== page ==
In the complex world of container shipping, two things are certain: it’s a rough time for carriers — and it will be for the foreseeable future.
Global volume is down, excess capacity will continue to increase, fuel costs are at a record high, and customers are demanding higher-quality service than they receive today. At the world’s largest carrier Maersk, Lucas Vos was recently quoted saying, “Carriers need to change the way we sell our services.” Shippers may likely call that an understatement.
To differentiate themselves and stay competitive, carriers are beginning to think about investing in changes that would enable them to shift to deliver a more service-oriented offering. This means deepening customer relationships and partnerships, and improving visibility and reliability in communications and service levels. To survive, carriers must evolve their focus beyond filling vessels and moving cargo as quickly and efficiently as possible, to providing more personal attention to customers and adapting quickly to meet their needs.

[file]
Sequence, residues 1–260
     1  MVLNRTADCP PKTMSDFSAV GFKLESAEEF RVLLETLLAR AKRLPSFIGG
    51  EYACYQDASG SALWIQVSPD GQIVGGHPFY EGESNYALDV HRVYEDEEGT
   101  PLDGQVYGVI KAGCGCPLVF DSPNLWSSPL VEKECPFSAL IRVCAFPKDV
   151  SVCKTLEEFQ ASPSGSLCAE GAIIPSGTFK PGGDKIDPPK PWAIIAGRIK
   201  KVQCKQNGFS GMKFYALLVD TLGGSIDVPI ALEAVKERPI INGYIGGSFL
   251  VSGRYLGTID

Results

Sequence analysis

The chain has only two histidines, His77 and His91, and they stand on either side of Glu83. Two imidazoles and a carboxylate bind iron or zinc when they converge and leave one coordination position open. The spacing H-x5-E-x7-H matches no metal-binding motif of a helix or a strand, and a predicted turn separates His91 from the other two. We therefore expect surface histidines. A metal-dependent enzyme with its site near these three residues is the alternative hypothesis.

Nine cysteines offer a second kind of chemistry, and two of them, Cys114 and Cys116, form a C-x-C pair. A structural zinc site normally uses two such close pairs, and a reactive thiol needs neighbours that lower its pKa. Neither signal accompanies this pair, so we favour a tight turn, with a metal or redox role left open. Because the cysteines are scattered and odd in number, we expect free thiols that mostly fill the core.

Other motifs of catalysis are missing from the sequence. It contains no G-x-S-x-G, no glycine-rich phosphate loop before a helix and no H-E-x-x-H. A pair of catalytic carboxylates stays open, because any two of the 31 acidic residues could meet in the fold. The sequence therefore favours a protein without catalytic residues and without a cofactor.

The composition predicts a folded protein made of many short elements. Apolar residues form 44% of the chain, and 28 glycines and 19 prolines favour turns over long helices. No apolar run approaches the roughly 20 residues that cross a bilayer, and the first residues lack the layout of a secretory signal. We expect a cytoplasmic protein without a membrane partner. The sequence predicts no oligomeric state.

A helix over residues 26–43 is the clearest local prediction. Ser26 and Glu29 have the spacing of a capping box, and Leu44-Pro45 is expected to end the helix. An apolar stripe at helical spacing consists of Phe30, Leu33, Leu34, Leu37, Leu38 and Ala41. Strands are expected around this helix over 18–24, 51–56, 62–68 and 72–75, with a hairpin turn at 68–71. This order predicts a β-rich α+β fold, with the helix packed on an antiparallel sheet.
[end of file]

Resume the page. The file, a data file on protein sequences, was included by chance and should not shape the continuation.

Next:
The “preparatory” time for carriers to begin adjusting to this new rapidly changing, competitive age is now. Industry watchers already predict there will be fewer than 10 carriers serving the container industry by 2025 (in 2012, the top 10 carriers held about 60 percent of the market). Only the financially strong, most flexible and efficient carriers will stay afloat. However, what will keep a carrier in the game is delivering long-term customer value. The industry leaders will be the carriers who best capture the needs of their customers and are able to deliver those services — quickly. With limited resources, carriers will need not only to harness the power of information but also to bring it to life within their organizations.
Carriers spent decades investing billions of dollars on ships and focusing their resources and attention around the vessels. 2013 may not mark the first time carrier survival depends on listening to the customer. But it may be the first time when those who don’t hear the customer will not adapt and survive.